Manufacturing as a platform

Main visual : Manufacturing as a platform

In a recent book by a professor of engineering, an information business models scholar, and a C-level strategist, a complex question got a deceptively simple answer.

The question: How can a major business segment be invaded and conquered in a matter of months by an upstart with none of the resources traditionally deemed essential for survival, let alone market dominance?

The answer: the power of the platform – a new business model that uses technology to connect people, organizations, and resources in an interactive ecosystem in which amazing amounts of value can be created and exchanged.[1]

Along with many other commentators, the authors tell the stories of the most famous ‘upstarts’ – Uber and Airbnb. The world’s biggest taxi company that owns no taxis, and the world’s biggest ‘hotel’ business which owns no tangible property. Their success has been examined thoroughly elsewhere. My point is that manufacturing is not immune to the power of the platform. For instance, a logistics company could extend their own business model and invest in high-end 3-D printing technology and produce prototypes or spare parts for the manufacturing industry to order as well as delivering them. That kind of additive manufacturing is a distinct threat. It’s why manufacturing must embrace the platform and the ecosystem that goes with it to succeed in the future and fight off potential disruptors.

In an interview with Reijo Sihvonen in our new Spotlight on Smart Manufacturing Fujitsu’s Head of Manufacturing Vertical talks about how the modern, smart manufacturer has to focus on outcomes not physical products. I think that’s true. They also need to look more carefully at the way their customers are using the products. When you understand that in detail, you can adapt products to their specific (and unique) needs and then adapt or make an individual product to meet them. In other words, achieve the much talked about Lot Size 1.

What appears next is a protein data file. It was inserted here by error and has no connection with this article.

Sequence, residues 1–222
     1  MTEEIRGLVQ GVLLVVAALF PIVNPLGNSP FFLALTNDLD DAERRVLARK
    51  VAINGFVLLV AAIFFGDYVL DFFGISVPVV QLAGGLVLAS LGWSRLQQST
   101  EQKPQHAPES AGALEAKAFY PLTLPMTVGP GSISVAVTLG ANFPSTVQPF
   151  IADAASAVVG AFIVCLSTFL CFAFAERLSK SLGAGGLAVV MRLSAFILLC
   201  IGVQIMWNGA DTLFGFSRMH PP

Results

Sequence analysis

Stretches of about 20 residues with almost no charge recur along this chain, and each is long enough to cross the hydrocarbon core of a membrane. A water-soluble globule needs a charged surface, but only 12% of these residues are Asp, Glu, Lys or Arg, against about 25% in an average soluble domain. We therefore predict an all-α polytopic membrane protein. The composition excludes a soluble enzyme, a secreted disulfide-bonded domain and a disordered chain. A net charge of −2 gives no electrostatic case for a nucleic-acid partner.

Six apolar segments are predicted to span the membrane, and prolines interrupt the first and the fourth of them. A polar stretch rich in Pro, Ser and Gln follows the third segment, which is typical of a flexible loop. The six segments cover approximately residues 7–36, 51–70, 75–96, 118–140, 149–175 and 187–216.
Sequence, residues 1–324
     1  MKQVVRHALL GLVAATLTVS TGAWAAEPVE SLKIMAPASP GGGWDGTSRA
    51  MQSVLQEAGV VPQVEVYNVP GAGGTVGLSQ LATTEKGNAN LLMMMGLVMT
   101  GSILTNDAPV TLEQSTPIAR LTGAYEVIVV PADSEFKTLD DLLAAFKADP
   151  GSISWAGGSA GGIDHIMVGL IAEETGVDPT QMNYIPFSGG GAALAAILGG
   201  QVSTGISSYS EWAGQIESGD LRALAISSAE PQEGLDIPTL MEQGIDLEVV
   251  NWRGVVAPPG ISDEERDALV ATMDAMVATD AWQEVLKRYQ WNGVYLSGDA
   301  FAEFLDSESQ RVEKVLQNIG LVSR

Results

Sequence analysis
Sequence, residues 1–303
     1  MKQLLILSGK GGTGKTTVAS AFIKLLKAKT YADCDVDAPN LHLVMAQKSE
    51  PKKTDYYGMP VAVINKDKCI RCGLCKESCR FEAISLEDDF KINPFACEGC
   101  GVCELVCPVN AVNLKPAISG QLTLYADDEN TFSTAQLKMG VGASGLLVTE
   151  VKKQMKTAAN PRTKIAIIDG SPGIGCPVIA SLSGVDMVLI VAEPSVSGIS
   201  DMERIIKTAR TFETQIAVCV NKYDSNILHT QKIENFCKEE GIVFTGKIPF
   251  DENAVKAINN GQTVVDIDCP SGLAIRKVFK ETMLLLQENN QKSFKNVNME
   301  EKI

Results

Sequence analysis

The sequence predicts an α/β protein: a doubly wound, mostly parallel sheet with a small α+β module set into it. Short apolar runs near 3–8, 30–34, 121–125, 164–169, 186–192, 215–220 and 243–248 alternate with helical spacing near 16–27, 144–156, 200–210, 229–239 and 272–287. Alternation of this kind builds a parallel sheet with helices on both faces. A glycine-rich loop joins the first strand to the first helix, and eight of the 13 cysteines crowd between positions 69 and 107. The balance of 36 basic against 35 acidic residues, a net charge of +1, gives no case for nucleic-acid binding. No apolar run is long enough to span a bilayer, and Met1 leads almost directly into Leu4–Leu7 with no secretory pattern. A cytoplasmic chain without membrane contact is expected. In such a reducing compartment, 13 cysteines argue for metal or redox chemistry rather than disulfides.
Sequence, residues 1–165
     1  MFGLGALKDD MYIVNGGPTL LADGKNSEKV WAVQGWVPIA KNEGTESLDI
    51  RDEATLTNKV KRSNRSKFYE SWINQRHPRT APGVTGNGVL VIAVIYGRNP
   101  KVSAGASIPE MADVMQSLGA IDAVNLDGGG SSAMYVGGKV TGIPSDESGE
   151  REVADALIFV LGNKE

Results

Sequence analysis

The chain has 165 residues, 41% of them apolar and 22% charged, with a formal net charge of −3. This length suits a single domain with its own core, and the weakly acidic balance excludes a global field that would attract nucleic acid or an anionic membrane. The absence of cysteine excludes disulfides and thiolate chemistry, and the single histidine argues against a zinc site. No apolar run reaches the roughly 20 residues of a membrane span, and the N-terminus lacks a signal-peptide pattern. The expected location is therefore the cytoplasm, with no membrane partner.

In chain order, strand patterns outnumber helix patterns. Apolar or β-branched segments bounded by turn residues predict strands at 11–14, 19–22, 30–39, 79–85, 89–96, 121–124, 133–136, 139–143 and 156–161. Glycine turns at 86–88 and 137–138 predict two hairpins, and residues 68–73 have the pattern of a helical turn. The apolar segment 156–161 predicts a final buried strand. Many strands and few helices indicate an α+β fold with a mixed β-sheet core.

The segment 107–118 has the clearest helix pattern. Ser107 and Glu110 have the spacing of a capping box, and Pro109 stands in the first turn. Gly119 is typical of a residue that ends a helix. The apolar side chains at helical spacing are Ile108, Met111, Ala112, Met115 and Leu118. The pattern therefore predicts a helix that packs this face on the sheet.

That kind of responsive manufacturing is already being done. Another aspect is how a customer experiences a manufactured product. For instance, you can offer additional services like predictive maintenance which ensures the product suffers virtually no downtime. As a consequence a customer can be charged on the basis of successful operating hours (jet engines are a well-known example). And you can make the most of the flow of valuable data that’s generated by the product to optimize its operation, for instance, by matching a heating pump’s capacity to the weather forecast.

Manufacturers need to take a more holistic view of what they do and look beyond pure manufacturing processes. In addition to getting closer to their customers, manufacturers should scan the horizon for non-manufacturing disruptors – like that logistics company I mentioned – which might be about to challenge them and take their business.

Simply, it’s a new business model

You need to do a holistic assessment to identify key areas of interest. And it really must be an all-encompassing view. On the one hand it should include the customer’s experience of the product, as well as its complete lifecycle based on a thorough analysis of competitors and megatrends. That enables you to identify a megatrend that might look like a threat at first but can be turned into a new opportunity if you spot it early enough.

On the other hand, your assessment should include the supplier and partner network as well. Partners are important because it will be very hard to address every new opportunity in a rapidly changing environment on your own. To do that requires a fast and agile adaptation to new technologies and services. That’s why Co-creation is at the heart of an ecosystem approach which addresses this new development style. Fujitsu has long pioneered Co-creation and we’re ready to help you achieve that holistic view.

Once that’s achieved, you need to decide how to not just cope with what’s happening, but act on it decisively. That’s when all the new technologies and solutions associated with Industry 4.0 come into play. Gather data from the shop-floor and product lifecycle and use it to gain insights for use in things like predictive maintenance, non-destructive testing, or overall equipment efficiency. All those things can become the foundation for new business models.

Or you could use distributed ledger technologies (like IOTA) to maintain a secure, immutable, and accurate audit trail which encompasses the whole product lifecycle (not limited by single company or owner). The underlying basis for all of this is the data that’s harvested from emerging (as well as existing) sensor technologies which provide information from every aspect of a product’s operation and usage.

It’s a broad and fascinating subject and Reijo’s views are an important and timely addition to an ongoing debate across the manufacturing sector.

[1] Platform Revolution: Geoffrey G. Parker, Marshall W. Alsytyne, Sangeet Paul Choudray: Norton 2017